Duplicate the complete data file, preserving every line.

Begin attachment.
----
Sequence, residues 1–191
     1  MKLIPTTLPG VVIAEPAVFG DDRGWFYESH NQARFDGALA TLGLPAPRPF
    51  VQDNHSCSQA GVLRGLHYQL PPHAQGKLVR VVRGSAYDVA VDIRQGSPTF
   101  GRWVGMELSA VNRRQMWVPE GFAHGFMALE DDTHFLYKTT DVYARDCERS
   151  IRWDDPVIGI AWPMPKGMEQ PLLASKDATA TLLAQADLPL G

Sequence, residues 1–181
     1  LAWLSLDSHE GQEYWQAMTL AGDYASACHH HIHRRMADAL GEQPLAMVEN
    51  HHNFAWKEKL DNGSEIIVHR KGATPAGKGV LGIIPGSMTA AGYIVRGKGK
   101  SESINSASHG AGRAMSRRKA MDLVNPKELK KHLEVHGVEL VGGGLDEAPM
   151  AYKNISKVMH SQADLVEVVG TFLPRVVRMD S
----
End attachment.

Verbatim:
Sequence, residues 1–191
     1  MKLIPTTLPG VVIAEPAVFG DDRGWFYESH NQARFDGALA TLGLPAPRPF
    51  VQDNHSCSQA GVLRGLHYQL PPHAQGKLVR VVRGSAYDVA VDIRQGSPTF
   101  GRWVGMELSA VNRRQMWVPE GFAHGFMALE DDTHFLYKTT DVYARDCERS
   151  IRWDDPVIGI AWPMPKGMEQ PLLASKDATA TLLAQADLPL G

Sequence, residues 1–181
     1  LAWLSLDSHE GQEYWQAMTL AGDYASACHH HIHRRMADAL GEQPLAMVEN
    51  HHNFAWKEKL DNGSEIIVHR KGATPAGKGV LGIIPGSMTA AGYIVRGKGK
   101  SESINSASHG AGRAMSRRKA MDLVNPKELK KHLEVHGVEL VGGGLDEAPM
   151  AYKNISKVMH SQADLVEVVG TFLPRVVRMD S